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"Denzel Washington Is Making Sense" - WSJ Opinion

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Denzel Washington Is Making Sense
He emphasizes the need for discipline at home, while Betsy DeVos considers withdrawing a decree against discipline at school.

By Jason L. Riley
Nov. 28, 2017 7:10 p.m. ET

Denzel Washington made some remarks the other day that bear highlighting if only because sensible social commentary from Hollywood celebrities is so rare.

At a New York screening of Mr. Washington’s latest film, “ Roman J. Israel, Esq. ,” the actor was asked by a reporter: “For black people in particular, do you think that we can truly make change as things are right now?”

Mr. Washington, who is 62, gave a pointed response. “Well, it starts in the home. If the father is not in the home, the boy will find a father in the streets. I saw it in my generation and every generation before me and every one since.” He added, “If the streets raise you, then the judge becomes your mother and prison becomes your home.”

In the film, Mr. Washington portrays a defense attorney, and reporters at the screening pressed him to weigh in on current debates about race and the U.S. criminal justice system. Instead, the actor doubled down on his message of strong families and personal responsibility. “It starts with how you raise your children,” he said. “If a young man doesn’t have a father figure, he’ll go find a father figure. So you can’t blame the system. It’s unfortunate that we make such easy work for them.”

What is remarkable is not that the Oscar-winning actor, who has been the national spokesman for the Boys and Girls Clubs of America since 1992, expressed these sentiments. Such talk is commonplace in black churches and beauty salons and barbershops and community centers. What’s remarkable is that Mr. Washington opted to say what he did within earshot of so many whites. Black political leaders and activist organizations, in an effort to raise money and stay relevant, much prefer to focus on racial prejudice when publicly discussing black-white disparities. Mr. Washington broke with that protocol. In private, those on the black left might acknowledge that black children watch too much television and read too few books. In public, however, they blame the achievement gap on biased standardized tests and racist school administrators.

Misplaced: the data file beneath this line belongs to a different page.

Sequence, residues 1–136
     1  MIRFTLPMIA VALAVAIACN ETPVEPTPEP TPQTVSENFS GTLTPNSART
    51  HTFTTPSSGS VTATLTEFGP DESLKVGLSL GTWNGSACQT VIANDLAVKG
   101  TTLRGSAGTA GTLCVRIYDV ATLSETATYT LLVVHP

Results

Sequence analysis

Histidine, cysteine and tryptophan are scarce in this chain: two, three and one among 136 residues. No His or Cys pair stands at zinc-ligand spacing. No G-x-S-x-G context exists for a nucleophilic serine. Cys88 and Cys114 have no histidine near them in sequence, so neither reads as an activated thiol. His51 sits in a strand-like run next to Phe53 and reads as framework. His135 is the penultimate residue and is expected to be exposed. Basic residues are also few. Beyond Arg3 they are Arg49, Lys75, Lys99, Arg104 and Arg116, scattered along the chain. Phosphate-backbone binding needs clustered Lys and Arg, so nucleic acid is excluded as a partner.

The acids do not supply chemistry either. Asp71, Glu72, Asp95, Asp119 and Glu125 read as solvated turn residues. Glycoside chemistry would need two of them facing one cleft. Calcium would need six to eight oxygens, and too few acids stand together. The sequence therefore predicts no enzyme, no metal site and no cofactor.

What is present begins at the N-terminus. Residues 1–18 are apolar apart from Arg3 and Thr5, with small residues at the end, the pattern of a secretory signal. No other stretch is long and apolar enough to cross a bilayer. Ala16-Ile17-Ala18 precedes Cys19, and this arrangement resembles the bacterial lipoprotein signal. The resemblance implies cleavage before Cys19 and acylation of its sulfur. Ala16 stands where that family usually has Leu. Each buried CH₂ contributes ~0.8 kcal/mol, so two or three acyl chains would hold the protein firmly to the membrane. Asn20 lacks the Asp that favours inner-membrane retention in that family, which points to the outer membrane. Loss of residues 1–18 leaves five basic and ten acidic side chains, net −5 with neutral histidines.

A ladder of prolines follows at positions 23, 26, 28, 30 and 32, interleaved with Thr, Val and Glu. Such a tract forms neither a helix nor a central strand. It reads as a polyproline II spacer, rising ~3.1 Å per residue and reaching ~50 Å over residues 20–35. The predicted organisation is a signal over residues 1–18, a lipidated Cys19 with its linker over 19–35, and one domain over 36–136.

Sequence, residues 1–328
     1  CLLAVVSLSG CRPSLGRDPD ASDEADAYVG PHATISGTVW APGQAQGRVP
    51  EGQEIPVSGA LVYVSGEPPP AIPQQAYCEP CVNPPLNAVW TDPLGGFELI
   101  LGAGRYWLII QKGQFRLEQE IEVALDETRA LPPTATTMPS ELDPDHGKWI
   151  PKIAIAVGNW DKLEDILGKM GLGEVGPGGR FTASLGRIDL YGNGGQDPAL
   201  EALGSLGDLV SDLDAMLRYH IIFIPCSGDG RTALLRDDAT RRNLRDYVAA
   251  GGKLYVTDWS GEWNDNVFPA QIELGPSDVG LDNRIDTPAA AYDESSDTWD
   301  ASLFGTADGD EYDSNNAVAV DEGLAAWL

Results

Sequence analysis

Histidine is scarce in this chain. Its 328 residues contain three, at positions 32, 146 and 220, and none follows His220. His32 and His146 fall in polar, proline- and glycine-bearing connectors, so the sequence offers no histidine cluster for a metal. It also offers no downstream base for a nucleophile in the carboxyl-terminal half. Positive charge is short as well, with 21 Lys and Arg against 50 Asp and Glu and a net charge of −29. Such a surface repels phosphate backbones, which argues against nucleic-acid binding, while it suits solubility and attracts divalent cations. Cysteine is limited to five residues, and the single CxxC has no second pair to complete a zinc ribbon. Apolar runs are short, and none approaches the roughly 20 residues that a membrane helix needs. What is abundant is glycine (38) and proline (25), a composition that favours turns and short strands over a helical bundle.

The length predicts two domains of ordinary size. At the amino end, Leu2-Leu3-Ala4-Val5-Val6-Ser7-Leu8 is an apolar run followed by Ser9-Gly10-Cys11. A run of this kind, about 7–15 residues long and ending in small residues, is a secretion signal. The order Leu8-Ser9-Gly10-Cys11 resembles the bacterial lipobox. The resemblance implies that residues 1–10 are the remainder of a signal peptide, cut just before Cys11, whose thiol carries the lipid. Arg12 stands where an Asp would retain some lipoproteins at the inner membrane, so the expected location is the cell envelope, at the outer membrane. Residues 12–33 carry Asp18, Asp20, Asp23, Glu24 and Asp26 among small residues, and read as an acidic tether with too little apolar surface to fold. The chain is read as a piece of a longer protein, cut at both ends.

Education Secretary Betsy DeVos told reporters Monday that the administration is “looking closely” at reversing the Obama administration’s controversial approach to school discipline, which urged schools to take race into account when deciding whether to suspend a disruptive student. “It would be premature to say anything about that right now, but we want to make sure that all students have an opportunity to learn in an environment that’s safe,” she added. A 2014 guidance letter sent by Mrs. DeVos’s predecessor warned school districts that any racial imbalance in suspension and expulsion rates could trigger a federal civil-rights investigation. Given that black and Hispanic students are more likely to attend violent schools and thus more likely to become the targets of bullies, policies that go easy on misbehaving students inevitably hurt low-income minorities the most.

Rescinding the Obama guidance is a step in the right direction, but it’s only a first step. What’s also needed, and what Mrs. DeVos is well-positioned to provide via her bully pulpit, is a new emphasis on prioritizing the needs of low-income minority children who are in school to get an education rather than make trouble for others.

The Philadelphia public school system’s decision to ban out-of-school suspensions for lesser offenses and to shorten suspensions for more serious rule-breaking predated the guidance letter. So did Chicago’s move to nix automatic 10-day suspensions and the Oakland, Calif., school district’s agreement to impose “targeted reductions in the overall use of student suspensions; suspensions for African American students, Latino students, and students receiving special education services; and African American students suspended for defiance.”

School systems that are ideologically predisposed to coddle violent and disruptive students probably will continue these policies with or without the federal government’s input. If schools become too chaotic, more-affluent families will opt for private schools or move to neighborhoods with safer public schools. But most underprivileged black children will be stuck where they are, once again subjected to the latest education fad—like busing in the 1970s or Ebonics in the 1990s—by policy makers who will pay no price whatsoever for their ruinous experiments. What mother is eager to send her child off to a school that indulges students who exhibit “defiance”? How can we rightfully expect teachers to teach—and students learn—in such an environment?

Despite mounds of empirical evidence that black children are suspended at higher rates than whites due to their behavior and not racially biased educators, the school-to-prison pipeline explanation for the mass incarceration of blacks has become an article of faith among progressives. But if Mr. Washington is correct, and the social science suggests that he is, the problem isn’t too much discipline at school but too little discipline at home.
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2017-11-30 -04:00
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